When you’re happy that it’s crisped enough, remove your roasting tin from the oven & place on a cooling rack (I use a grill tray with a wire rack in it for this, to catch any drips). Replace the foil lid & seal around the tin to protect the meat from drying out, then let it rest for at least half an hour. By resting the bird, the meat relaxes nicely & becomes beautifully tender. Traditionally, you should let the bird rest for the same amount of time it was in the oven, but I leave it as long as it takes to cook the accompanying side dishes.
Just before serving, transfer the chicken carefully onto a large serving plate, ready for carving (you’ll find the meat will fall off the bone easily, so you might not need to do much carving at all!).
If you’re making pigs-in-blankets, do these now – they take minutes & use up any extra bits of streaky bacon. Simply roll short bacon strips around chunky chipolata sausages, straight or diagonally, then pop them onto a baking tray (you don’t need any oil – the fat in both of them will render out onto the tray, giving sufficient grease). Bake in the oven for about 25 minutes until crispy & bronzed, giving them a little shake halfway through.
If you’ve been following my previous blogs, this is where you grab a well-deserved glass of something nice, give yourself a pat on the back & relax, because all your sides will be prepared! Just pop them in ovenproof dishes, then warm them through in the oven while your roasties cook (bet you’re glad you did all that prep now!). Obviously, this is also when you tell everyone else to keep out of the kitchen while you’re working hard (on your G&T hopefully) & send them off to set tables, find tablecloths, fill glasses – anything to keep them busy & give you a five minute breather.
Feeling a bit refreshed? Good! Right, back to work (briefly anyway) – it’s gravy making time! If you have pre-prepared your gravy, simply pour it into a saucepan & gently warm through, before transferring to a gravy boat or jug. If you are making it from scratch, here’s a refresher of what to do. Grab a whisk & saucepan!
What you need:
1 pint of chicken stock (or vegetable stock)
4 heaped teaspoons of Gravy Browning (such as Bisto powder)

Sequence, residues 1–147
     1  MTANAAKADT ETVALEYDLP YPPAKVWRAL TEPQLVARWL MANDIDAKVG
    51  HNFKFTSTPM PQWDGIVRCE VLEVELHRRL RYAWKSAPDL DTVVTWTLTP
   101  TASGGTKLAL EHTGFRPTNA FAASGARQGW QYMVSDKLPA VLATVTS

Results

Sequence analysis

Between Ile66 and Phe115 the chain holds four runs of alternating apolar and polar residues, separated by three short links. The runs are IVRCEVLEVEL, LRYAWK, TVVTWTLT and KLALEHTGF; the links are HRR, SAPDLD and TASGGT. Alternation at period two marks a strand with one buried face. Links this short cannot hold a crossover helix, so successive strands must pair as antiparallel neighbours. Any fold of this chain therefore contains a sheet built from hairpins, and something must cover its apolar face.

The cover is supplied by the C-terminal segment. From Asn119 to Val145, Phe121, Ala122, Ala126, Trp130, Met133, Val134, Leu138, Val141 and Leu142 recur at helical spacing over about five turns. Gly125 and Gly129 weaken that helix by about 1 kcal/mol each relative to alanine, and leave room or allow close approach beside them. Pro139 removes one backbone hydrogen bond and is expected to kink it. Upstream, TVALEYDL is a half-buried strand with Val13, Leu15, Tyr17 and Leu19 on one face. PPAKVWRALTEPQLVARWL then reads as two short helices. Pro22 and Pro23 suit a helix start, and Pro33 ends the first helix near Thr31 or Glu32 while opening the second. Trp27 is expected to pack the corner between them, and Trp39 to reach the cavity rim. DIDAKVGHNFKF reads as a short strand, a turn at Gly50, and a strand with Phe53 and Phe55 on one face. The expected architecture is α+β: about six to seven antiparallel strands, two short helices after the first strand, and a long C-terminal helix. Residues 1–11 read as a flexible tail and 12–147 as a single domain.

A good glug of cold water (about 3 tablespoons)
What to do:
Using the fresh, hot stock from your roasted bird, simply ladle off a pint into a jug (keep the rest in the pan, put the lid on & leave to cool, then freeze). To remove any fat from the stock (that’s the golden bubbles you can see here), get yourself a few sheets of kitchen paper & touch it gently on the top – the grease will attach itself to the paper, which you can then throw away (no faffing around trying to separate it).
In another jug, measure your gravy browning (I’ve used Bisto for years, so just use whatever you like best). You don’t need any seasoning, because there’s plenty in the gravy browning & also in your stock.
Pour in the cold water & mix to form a smooth brown liquid, followed by a quarter of the stock, then tip into your saucepan & heat gently for a few seconds, using the whisk to mix everything thoroughly.
Add the rest of the hot stock carefully & keep whisking gently to prevent lumps forming. The gravy will begin to thicken up nicely now, so dip a spoon in & if it coats the back of the spoon, it’s ready.
Pour into a gravy boat or a jug & that’s the gravy done! Enlist a Little Helper to put it on the table, with a plate or saucer underneath (to catch the drips & save your table).
When everything is ready & you’re happy with it, get your Little Helpers in to distribute dishes to the table (maybe have some extra treats to reward them for their support).
That’s it! Your festive feast is ready, everything is done & you can enjoy the fruits of your hard work. Whatever you’re doing, whomever you’re with, I wish you all a very Merry Christmas & a fabulous New Year from my family to yours. Stay hungry 😉 A x